Yield curve risk. This risk arises from changes in the relationships among yields from similar instruments with different maturities. Suppose, for example, a bank or credit union funds long-term loans with short-term deposits. A typical yield curve reflects rates that rise as maturities increase. However, if market conditions cause the yield curve to flatten or even slope downward, the institution’s net interest margins can shrink or even turn negative.
Options risk. Financial institution’s assets and liabilities often contain embedded options, such as the right to pay off a loan or withdraw deposits early with little or no penalty. The institution is compensated for offering members/customers this flexibility (typically in the form of higher interest rates on loans or lower interest rates on deposits). However, granting these options creates interest rate risk. For example, if interest rates go up, deposit holders will have an incentive to move their funds into investments that enjoy higher returns. If rates go down, many borrowers will pay off their loans so they can refinance at a lower rate.
Another risk associated with rising interest rates is an increased risk of default by borrowers with variable-rate loans.
Banks and credit unions can apply financial modeling techniques to measure and monitor their interest rate risk. If your interest rate risk is unacceptably high, consider strategies for mitigating it, such as:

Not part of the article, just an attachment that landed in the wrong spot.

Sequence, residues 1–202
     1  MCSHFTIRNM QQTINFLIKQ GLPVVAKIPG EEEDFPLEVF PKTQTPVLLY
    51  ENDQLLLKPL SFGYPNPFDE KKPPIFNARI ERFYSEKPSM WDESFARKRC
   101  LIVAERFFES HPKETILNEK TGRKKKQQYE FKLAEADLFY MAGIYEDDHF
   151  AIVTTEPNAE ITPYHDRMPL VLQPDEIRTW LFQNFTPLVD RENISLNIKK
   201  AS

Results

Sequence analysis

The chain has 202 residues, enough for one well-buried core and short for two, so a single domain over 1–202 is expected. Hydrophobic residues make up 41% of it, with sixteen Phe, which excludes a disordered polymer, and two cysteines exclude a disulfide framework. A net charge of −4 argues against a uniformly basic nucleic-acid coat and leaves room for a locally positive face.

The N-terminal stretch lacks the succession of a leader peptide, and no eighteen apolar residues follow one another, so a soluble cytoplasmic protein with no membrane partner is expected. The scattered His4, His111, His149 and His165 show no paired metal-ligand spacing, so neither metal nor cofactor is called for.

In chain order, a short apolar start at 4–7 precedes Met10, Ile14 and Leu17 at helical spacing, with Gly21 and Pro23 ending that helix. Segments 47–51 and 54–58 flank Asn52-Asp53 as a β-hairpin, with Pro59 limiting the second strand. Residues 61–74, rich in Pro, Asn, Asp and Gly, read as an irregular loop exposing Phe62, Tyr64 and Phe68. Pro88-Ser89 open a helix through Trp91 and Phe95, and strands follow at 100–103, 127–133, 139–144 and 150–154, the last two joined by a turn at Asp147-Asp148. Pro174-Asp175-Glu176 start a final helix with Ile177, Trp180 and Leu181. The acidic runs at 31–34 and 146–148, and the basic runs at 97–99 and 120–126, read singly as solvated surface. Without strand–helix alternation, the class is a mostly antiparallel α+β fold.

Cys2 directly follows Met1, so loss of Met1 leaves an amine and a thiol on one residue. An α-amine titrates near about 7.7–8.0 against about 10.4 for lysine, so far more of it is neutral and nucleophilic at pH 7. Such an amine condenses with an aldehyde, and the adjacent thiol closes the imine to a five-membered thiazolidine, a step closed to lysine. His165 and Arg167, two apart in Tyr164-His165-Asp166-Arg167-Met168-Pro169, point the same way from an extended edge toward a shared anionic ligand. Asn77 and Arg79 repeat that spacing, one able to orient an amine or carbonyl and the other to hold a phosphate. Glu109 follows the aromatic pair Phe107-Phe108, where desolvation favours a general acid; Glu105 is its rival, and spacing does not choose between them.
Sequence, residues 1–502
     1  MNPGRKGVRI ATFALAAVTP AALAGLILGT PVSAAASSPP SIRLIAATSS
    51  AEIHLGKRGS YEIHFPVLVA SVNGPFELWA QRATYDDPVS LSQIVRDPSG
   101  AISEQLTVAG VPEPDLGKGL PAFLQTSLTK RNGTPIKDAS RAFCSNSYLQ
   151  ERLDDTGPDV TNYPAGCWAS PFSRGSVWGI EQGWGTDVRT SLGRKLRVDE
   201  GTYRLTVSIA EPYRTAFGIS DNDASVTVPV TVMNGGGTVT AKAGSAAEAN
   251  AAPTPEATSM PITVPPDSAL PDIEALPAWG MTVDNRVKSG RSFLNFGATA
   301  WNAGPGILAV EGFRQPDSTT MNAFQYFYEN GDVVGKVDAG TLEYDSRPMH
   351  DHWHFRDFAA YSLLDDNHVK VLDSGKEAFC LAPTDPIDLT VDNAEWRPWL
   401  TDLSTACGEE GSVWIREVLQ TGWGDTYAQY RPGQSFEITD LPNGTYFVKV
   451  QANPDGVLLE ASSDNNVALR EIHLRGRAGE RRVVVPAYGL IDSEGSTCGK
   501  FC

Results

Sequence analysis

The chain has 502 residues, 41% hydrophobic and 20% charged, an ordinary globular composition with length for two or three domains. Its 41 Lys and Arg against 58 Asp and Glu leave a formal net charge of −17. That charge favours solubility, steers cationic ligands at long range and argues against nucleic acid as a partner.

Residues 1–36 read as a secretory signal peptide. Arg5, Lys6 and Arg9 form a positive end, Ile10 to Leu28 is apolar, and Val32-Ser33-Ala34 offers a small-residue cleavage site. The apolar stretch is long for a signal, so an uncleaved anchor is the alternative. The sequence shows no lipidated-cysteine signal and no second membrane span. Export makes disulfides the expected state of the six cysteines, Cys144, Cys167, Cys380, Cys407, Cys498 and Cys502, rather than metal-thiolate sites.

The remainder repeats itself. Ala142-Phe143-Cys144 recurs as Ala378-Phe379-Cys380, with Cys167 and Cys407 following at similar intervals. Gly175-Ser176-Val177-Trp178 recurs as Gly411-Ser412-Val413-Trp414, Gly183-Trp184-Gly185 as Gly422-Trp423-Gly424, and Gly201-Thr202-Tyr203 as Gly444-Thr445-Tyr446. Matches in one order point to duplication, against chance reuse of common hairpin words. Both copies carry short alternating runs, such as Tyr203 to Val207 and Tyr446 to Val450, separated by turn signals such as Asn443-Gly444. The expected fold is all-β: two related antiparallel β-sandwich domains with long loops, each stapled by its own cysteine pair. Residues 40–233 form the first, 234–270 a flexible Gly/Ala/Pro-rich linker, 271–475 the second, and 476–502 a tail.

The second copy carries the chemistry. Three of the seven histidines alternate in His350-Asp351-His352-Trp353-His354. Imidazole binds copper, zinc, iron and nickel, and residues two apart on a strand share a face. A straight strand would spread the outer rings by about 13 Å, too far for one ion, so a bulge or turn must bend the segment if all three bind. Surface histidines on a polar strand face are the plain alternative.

Keep in mind, a key component of interest rate risk management is stress testing. In addition, the management of interest rate risk should also be incorporated into an enterprise risk management system.
Each of the regulatory agencies provides guidance on managing interest rate risk. The guidance urges credit unions and banks to conduct periodic stress tests that include both scenario analysis and sensitivity analysis. Stress testing can help an institution manage risk by evaluating the possible impact of various adverse external events on their earnings, capital adequacy and other financial measures.
Scenario testing examines the potential impact of various hypothetical or historical scenarios — such as rising or falling interest rates — on their financial performance. Sensitivity analysis estimates the impact of changes in certain assumptions or inputs into a financial model. It helps the institution determine which assumptions have the greatest influence on outcomes and fine-tune its assumptions accordingly.
Gaining a clear understanding of what’s happening with interest rates and why is key to ensuring that you’re managing the risk that comes along with them appropriately. Need assistance with incorporating interest rate risk into your risk management system? Contact Doeren Mayhew’s Financial Institutions Group today for assistance.
This publication is distributed for informational purposes only, with the understanding that Doeren Mayhew is not rendering legal, accounting, or other professional opinions on specific facts for matters, and, accordingly, assumes no liability whatsoever in connection with its use. Should the reader have any questions regarding any of the news articles, it is recommended that a Doeren Mayhew representative be contacted.